A deal to consolidate the East Rand assets on Johannesburg’s gold belt is tipped to happen in the short term, but the parties involved could have different ideas on how they want to mine that regions remaining gold.
On Tuesday last week, Bema Gold, a Canadian listed gold miner, again told of discussions to exit, or partly exit, its loss-making Petrex gold mines on Johannesburg’s East Rand. Pay close attention to the market gold price and precious metals fluctuations if you are looking for an gold or silver backed IRA account.
“We are looking at various opportunities within the East Rand to perhaps consolidate the operation or become a smaller part of a bigger thing that doesn’t drain cash flows from us,” Ian Maclean, Bema’s investor relation’s manager, told Bloomberg.
He tipped the deal to be completed by the early part of the first quarter in 2016. At the Denver Mining Conference in September, Bema chief executive, Clive Johnson, told delegates about the company’s intention to do a deal on the East Rand.
“It’s time to do something different here. So we are in discussions with our neighbours, there are two properties to the South and North of us, that have significant reserves and they do not have a mill. We have a mill,” Johnson told delegates, “So we are in discussions to put the three entities together to form a new vehicle. Which I believe could be a much more economically attractive project feeding some of the better grade material from theirs through our mill.”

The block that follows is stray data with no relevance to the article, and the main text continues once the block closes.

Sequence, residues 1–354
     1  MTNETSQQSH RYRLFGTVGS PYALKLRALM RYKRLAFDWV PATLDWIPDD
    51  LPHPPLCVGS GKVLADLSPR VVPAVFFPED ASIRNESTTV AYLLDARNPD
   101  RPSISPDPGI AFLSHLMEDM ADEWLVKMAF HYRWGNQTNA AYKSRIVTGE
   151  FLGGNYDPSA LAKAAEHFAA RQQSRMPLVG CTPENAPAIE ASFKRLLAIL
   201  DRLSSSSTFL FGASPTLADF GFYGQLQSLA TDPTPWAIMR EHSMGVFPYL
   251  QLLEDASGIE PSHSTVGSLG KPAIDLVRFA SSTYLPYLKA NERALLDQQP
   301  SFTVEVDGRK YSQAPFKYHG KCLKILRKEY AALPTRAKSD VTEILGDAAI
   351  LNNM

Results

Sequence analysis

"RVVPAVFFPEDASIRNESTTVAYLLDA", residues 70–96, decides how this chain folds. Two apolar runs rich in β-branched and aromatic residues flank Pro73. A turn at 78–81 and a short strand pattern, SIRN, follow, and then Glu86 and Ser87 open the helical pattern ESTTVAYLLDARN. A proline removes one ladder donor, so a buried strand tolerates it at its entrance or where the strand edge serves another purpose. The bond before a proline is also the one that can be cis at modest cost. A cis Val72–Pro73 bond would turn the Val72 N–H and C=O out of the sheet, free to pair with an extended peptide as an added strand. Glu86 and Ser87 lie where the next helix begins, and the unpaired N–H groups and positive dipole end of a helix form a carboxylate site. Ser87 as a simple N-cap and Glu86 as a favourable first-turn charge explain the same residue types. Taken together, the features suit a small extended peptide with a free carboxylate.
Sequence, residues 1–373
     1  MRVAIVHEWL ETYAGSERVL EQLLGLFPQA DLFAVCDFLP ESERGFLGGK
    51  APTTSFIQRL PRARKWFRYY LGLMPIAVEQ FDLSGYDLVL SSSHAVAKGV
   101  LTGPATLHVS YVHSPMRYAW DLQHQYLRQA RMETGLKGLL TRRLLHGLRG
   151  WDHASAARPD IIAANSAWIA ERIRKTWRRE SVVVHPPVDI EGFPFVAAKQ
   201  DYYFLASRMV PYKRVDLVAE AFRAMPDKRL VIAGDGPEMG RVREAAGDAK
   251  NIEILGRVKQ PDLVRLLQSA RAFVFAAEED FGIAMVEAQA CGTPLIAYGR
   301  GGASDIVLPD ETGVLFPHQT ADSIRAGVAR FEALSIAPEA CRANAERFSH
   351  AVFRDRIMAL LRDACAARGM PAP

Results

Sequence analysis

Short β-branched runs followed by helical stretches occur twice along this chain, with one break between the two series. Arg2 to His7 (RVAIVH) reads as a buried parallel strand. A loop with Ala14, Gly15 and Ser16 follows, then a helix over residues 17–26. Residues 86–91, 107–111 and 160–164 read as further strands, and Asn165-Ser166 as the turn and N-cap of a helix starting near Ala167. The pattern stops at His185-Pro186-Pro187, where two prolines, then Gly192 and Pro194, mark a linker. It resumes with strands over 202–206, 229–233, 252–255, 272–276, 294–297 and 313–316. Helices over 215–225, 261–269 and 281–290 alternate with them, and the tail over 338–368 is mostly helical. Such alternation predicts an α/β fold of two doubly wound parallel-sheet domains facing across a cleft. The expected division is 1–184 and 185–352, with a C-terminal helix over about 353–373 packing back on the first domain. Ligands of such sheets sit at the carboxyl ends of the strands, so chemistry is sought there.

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The Petrex mine is sandwiched between Aflease’s Modder East property, which lies to the North, and Sub Nigel, which lies to the South.
Aflease recently announced the injection of its Modder East property into the listed Sub Nigel entity, which owns a mine that has been dormant since 1992. The deal should close in early 2016.
And while the mines do neighbour those of Petrex, they are still some distance away. And back when Sub Nigel were looking at getting back into production, transport costs, to and from the nearest mill, seemed to be one of the biggest obstacles, and a mill of its own seemed to be more economical.
Aflease itself has also previously alluded to the fact that it was looking to develop and produce its own gold from the deposits, once the deal with Sub Nigel was concluded.
On Friday, Neal Froneman, Aflease’s chief executive, would not comment on a possible deal but said that Aflease could help Bema achieve its objective. “I have nothing else to add than to say Aflease is ideally positioned to assist Bema with its exit,” says Froneman.
Whether the two parties will meet in the middle somewhere is debatable, meanwhile Bema could be working on a possible plan B, after Maclean also added that the company is also talking to black investors on a possible deal.